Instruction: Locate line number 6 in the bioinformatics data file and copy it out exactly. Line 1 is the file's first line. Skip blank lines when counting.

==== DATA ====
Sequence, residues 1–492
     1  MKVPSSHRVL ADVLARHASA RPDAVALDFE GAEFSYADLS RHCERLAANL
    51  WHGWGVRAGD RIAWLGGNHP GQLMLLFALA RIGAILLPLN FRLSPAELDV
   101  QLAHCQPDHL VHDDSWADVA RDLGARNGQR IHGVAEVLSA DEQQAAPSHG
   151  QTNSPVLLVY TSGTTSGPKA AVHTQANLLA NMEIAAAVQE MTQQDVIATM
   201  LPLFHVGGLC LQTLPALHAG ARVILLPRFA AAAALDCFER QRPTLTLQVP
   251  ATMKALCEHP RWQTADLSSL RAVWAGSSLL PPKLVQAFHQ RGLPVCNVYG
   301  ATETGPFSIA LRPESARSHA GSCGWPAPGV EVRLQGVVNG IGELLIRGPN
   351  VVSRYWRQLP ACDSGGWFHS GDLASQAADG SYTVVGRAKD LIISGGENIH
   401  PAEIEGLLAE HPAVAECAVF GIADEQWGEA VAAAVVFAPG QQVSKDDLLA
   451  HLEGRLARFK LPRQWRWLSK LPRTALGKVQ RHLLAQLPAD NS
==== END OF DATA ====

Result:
   201  LPLFHVGGLC LQTLPALHAG ARVILLPRFA AAAALDCFER QRPTLTLQVP